SBGrid History:

2000: SBGrid begins

Structural biologist Piotr Sliz sees an opportunity to streamline the installation and maintenance of a modest collection of X-ray crystallography applications running on dozens of SGI IRIX workstations in the structural biology labs of Stephen Harrison and the late Don Wiley at Harvard University.

2002: SBGrid expands

When the Harrison lab relocates to Harvard Medical School, other structural biology labs at HMS learn about SBGrid and want to take advantage of its tools and techniques. Soon SBGrid is supporting software and high-performance computing (HPC) for Thomas Walz’s EM group, James Chou’s NMR group and laboratories at Yale and Rice Universities.

2004: Support for OSX introduced.

A handful of structural biologists request Macintosh support for an extensive subset of structural biology applications, prompting SBGrid to re-compile the applications under OSX. Today approximately 50 percent of consortium members use Macs for structure determination and the majority of structural biology applications are fully supported under Snow Leopard and Lion.

2007: NSF Research Coordination Network Established.

In an effort to support more computationally demanding applications, SBGrid establishes a Virtual Organization within Open Science Grid. In the following years we deploy a grid computing portal and by 2011 we become one of the top users (outside of high-energy physics users) of the OSG (we utilized 5,000,000 CPU hours within last 12 months). Specialized workflows to support molecular replacement and low resolution refinement are available to all members of structural biology community.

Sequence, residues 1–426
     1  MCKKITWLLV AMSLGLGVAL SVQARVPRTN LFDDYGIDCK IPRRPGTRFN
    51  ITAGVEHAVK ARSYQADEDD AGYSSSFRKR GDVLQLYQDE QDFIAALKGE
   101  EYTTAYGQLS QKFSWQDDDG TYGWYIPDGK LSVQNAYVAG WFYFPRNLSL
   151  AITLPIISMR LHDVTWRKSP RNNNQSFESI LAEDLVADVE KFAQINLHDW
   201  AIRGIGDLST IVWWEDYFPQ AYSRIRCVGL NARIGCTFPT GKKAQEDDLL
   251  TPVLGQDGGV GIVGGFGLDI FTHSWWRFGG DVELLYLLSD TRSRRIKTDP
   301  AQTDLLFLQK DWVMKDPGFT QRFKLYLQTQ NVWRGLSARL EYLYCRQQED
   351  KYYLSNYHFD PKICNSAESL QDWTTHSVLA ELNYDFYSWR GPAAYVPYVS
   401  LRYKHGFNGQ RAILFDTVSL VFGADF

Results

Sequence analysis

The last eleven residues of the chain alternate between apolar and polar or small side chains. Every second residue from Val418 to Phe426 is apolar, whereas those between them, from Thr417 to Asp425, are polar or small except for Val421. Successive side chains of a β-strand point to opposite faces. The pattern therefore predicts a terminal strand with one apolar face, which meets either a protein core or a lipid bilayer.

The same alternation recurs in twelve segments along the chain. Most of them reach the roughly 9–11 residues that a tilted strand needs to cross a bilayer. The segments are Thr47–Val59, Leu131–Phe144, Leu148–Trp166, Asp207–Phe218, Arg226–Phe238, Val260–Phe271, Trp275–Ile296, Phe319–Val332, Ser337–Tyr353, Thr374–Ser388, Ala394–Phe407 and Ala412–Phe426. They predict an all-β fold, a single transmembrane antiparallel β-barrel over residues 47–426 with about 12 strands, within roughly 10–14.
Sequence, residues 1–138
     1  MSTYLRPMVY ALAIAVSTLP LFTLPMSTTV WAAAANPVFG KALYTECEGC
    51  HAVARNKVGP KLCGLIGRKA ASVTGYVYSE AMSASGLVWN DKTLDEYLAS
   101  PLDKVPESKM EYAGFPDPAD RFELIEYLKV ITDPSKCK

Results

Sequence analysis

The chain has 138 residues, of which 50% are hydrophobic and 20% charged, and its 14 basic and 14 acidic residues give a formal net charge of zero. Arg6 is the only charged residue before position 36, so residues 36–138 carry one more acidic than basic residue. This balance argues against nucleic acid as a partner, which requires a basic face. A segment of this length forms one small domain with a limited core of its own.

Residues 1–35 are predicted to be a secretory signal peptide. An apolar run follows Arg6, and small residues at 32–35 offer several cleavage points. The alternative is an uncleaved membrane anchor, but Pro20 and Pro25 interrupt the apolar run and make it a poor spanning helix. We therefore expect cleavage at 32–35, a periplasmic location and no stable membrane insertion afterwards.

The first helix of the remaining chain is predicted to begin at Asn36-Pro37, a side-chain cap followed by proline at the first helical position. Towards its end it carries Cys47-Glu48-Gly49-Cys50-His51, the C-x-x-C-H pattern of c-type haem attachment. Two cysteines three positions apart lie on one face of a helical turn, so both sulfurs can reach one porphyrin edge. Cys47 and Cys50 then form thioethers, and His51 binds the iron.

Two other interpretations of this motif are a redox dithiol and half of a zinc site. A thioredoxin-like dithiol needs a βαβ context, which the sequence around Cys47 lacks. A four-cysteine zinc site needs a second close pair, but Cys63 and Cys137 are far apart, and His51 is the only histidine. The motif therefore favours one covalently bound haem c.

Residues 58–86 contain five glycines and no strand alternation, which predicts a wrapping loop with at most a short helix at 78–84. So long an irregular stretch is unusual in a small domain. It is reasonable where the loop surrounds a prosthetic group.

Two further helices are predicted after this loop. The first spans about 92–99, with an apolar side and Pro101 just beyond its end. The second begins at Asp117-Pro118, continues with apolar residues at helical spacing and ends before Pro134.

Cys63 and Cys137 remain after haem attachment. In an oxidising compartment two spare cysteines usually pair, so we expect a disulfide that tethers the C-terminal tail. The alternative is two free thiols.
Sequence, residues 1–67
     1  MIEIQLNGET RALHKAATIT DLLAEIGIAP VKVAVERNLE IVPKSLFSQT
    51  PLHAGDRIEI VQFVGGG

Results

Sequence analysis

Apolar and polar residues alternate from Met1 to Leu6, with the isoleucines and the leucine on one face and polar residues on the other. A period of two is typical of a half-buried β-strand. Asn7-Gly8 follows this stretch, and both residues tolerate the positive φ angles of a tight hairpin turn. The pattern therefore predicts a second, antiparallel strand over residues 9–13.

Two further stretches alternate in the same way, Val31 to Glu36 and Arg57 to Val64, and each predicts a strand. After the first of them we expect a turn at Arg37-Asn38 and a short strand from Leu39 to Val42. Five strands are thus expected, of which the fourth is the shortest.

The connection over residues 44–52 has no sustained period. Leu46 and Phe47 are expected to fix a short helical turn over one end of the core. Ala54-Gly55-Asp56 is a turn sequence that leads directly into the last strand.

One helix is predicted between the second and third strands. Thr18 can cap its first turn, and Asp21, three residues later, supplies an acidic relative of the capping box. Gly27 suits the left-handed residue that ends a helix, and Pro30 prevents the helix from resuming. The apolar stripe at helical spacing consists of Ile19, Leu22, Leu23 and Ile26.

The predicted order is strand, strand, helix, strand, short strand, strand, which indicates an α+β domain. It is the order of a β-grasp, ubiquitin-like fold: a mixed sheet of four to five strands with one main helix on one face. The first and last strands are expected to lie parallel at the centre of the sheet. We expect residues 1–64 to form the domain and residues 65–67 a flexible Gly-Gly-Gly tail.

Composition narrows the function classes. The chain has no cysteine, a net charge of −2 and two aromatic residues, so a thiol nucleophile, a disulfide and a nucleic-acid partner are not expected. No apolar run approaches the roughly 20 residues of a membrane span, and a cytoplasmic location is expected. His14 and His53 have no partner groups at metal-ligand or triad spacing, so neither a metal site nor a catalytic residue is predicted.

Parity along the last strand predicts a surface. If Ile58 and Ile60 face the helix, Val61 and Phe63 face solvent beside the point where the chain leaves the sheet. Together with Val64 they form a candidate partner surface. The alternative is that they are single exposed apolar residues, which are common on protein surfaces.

2008: SBGrid Computing School.

SBGrid holds its first ever computing school in Boston in May 2008, attracting approximately 300 participants. The School incorporates three parallel sessions: scientific programming with Python; molecular visualization with Maya; and OSX programming. SBGrid holds subsequent schools in Boston (2009) and Heidelberg (2010), in partnership with EMBO laboratory in Grenoble, France.

2009: SBGrid Formalizes Charter

The 70 laboratories now supported by SBGrid unite to form the SBGrid Consortium. SBGrid also establishes itself as an HMS NIH-complaint Service Center. The Center develops an end-user license agreement (EULA) in cooperation with the Harvard University Office of Technology Development (OTD) to formalize its relationships with Consortium laboratories.

2009: Pharmaceutical Companies and Synchrotron Beamlines Join SBGrid.

Structural biology laboratories at Genzyme join the consortium. They are supported with a subset of applications that are suitable for installation in for-profit laboratories. Laboratories at Novartis and Biogen join soon after and the pharmaceutical groups gain an official seat on the SBGrid advisory board.Synchrotron beamlines may access all SBGrid applications.

2011: Further Expansion and Closer Relationship with Open Science Grid.

SBGrid hosts the Open Science Grid all-hands meeting at Harvard Medical School. The Consortium grows to support 166 laboratories located mainly in the US, but also including research groups from Austria, Australia, Canada, Germany, Ireland, France, Mexico, Portugal, Switzerland and Taiwan. A new website featuring SBGrid Tales is introduced. SBGrid now supports 230 applications.

2013: Continued Expansion, Increased Educational Opportunities and First Paper!

Membership growth continues at about 28% per year, and the webinar program which we initially rolled out in 2012 gains steam as we stream and record more than two dozen developer talks and tutorials on structural biology software tools. A multi-year effort finally results in a paper describing the project published in eLIFE.

SBGrid Today

SBGrid currently has more than 245 members labs around the world and supports more than 270 scientific software applications.